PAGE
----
Aproperty easement is an agreement reach between two parties over its use. The owner grants an easement to another party to use the land for some designated purpose and period. A general understanding of the benefits and drawbacks of easements will help investors better understand if they can be used to provide income for unused land. Some feel that easements are a harmless way to draw income, but others feel that they diminish a property’s value. Woodall Batchelor PLLC and its team of real estate attorneys can help break down how an easement can affect property rights and value.
Easements in Real Estate Law
As previously stated, a property easement grants the right to use a property for a limited time. Easements can be affirmative, meaning person A is permitted to use person B’s property for a specific purpose. They can also be negative. Negative easements allow person A to use person B’s property for any reason except a specific use.
Easements can get even more complex, underscoring the need for good legal counsel. For instance, easements sometimes don’t involve individuals. Some easements specify properties as parties obligated in the deal. An easement in property A must be honored by whoever owns property B, even if property B is bought by a new owner. This sort of case is known as an “easement appurtenant”. In such an agreement, property B, the property with use and access rights to property A, is designated as the “dominant tenement”. Some property easements specify that if a property ownership changes then the easement is null and void. This is called an “easement in gross.”
A real estate lawyer should be able to simplify all the complexities of an easement when considering an investment in a commercial or residential property.
Easements in Residential Real Estate
Easements are common in residential real estate. Shared driveways and other parts of adjoining properties are often arranged with an easement agreement. When purchasing a home, existing easements need to be considered. They will still be in place even if a property changed hands. This means that you would still be required to share the driveway. It could also prevent you from doing any renovations on the driveway. Easements can impact plans for remodeling or any other changes to a property because the other party still has usage rights in place. Most homes also have easements so utility providers can access the property and provide power and gas.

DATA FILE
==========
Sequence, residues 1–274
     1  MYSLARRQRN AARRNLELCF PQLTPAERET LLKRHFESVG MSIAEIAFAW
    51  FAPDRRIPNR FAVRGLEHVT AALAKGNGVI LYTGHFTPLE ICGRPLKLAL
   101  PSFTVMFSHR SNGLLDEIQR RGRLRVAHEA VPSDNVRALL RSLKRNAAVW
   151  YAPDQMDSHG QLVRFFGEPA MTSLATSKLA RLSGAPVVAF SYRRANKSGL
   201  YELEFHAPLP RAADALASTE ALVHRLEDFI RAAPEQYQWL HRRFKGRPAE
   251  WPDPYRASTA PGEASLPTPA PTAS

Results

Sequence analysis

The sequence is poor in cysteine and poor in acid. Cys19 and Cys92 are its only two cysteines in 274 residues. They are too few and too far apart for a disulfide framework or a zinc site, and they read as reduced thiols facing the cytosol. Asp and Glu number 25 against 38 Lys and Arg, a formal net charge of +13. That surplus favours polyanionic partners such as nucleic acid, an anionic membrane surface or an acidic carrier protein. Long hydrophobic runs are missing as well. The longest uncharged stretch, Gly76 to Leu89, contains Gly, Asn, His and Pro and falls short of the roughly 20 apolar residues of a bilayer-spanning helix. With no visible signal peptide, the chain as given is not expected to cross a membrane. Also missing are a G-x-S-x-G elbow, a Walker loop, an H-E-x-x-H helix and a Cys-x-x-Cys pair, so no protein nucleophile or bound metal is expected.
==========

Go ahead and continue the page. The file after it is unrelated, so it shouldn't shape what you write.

Learn more about easements
Understanding easements and how they affect properties is important for any home or commercial buyer. Easements can affect a property’s value and use, and ultimately could affect someone’s purchase decision. The complexity of some easements needs legal counsel review and advice to help buyers understand all aspects of a property purchase. A capable real estate attorney will be able to simplify the impact of any easements, so buyers know what they are getting into. The seasoned legal team at Woodall Batchelor PLLC works regularly with property easements. Contact us today to discuss how we can help you make the most informed purchase possible.